The architects of the Oslo process were guided by the same revisionist delusion when they demanded recognition of Palestinian identity even as they disparaged historical Jewish claims. The conceit of Oslo is that it validated the political existence of a people with a sketchy history, but downplayed the legitimacy of the only people with documented ancestral roots going back millennia.
Israel made concessions throughout the Oslo Process, under George Bush’s roadmap, and during Bill Clinton’s push to pressure a two-state deal at Camp David. Over the years, Jewish ancestral rights were either sacrificed, as when Great Britain conveyed nearly eighty percent of the Mandate to the Hashemites after their expulsion from the Arabian Peninsula in 1922; or compromised, as when the Jews agreed to accept a partitioned state comprising only a fraction of their traditional homeland in 1947.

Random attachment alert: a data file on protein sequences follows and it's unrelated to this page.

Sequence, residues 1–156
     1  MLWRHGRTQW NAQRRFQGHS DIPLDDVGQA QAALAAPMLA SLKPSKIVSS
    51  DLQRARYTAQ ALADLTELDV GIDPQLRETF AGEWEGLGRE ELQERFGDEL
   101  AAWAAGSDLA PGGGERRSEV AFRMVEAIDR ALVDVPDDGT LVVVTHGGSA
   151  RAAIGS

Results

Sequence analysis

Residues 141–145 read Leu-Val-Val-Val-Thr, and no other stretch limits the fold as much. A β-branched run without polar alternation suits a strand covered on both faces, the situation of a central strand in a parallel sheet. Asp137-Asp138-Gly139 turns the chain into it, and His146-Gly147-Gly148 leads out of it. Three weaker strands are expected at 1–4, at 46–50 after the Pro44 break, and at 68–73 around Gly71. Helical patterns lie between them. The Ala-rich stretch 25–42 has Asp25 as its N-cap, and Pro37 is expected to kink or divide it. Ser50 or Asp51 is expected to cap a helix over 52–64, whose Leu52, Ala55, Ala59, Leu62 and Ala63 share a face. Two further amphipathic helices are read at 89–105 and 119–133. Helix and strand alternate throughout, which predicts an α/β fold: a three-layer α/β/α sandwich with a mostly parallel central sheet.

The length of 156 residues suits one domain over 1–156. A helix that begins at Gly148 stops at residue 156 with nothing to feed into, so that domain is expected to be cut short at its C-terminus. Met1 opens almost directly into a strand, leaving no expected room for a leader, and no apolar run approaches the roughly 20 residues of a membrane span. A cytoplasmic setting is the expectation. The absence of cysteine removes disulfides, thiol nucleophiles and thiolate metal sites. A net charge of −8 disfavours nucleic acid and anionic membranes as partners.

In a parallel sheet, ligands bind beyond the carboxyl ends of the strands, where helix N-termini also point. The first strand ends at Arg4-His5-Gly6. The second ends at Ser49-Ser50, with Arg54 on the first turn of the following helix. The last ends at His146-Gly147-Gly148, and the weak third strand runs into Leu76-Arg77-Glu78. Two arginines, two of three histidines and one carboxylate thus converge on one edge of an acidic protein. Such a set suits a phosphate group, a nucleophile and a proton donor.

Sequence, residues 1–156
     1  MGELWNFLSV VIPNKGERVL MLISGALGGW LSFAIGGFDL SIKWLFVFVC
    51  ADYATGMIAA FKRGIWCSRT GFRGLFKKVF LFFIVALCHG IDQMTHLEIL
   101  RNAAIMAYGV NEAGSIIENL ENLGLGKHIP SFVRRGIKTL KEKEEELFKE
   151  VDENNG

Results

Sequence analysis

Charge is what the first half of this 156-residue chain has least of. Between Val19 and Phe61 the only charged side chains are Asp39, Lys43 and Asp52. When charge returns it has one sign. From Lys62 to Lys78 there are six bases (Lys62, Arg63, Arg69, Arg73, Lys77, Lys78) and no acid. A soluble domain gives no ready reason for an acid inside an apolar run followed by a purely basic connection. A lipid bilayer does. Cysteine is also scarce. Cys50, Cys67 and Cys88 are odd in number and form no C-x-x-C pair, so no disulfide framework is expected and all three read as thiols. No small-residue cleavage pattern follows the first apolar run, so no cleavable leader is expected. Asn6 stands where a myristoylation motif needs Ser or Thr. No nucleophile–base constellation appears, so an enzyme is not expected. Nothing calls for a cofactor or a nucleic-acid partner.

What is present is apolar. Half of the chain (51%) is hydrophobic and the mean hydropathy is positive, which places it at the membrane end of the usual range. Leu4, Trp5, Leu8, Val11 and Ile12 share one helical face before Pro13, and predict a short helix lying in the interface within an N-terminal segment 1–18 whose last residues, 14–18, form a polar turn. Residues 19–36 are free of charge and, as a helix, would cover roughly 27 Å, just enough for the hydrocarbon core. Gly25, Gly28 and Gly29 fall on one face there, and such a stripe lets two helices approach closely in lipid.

The Palestinians, in contrast, have never honored their obligations under any negotiating framework, minimal though they have been compared to those required of Israel. They failed to formally amend their charter calling for Israel’s destruction, recognize her right to exist, or renounce incitement and terror. Instead, they continue to support and engage in terrorism, incite against Jews in Israel and elsewhere, and teach genocidal anti-Semitism to school children. There is no incentive for them to act otherwise because their behavior is ignored, excused or enabled by the Obama administration and the European Union.
If outside intercessors truly wanted to assist in resolving the conflict, they would acknowledge the Jewish connection to Israel instead of blindly promoting incompatible claims as articles of faith. Unfortunately, the EU’s treatment of Israel is colored by a pernicious anti-Semitism that has been part of European culture ever since the Jews began their long sojourn in lands of Ashkenaz. It is also influenced by the EU’s deference to the growing Arab and Muslim populations within its midst and its collusion with Islamists.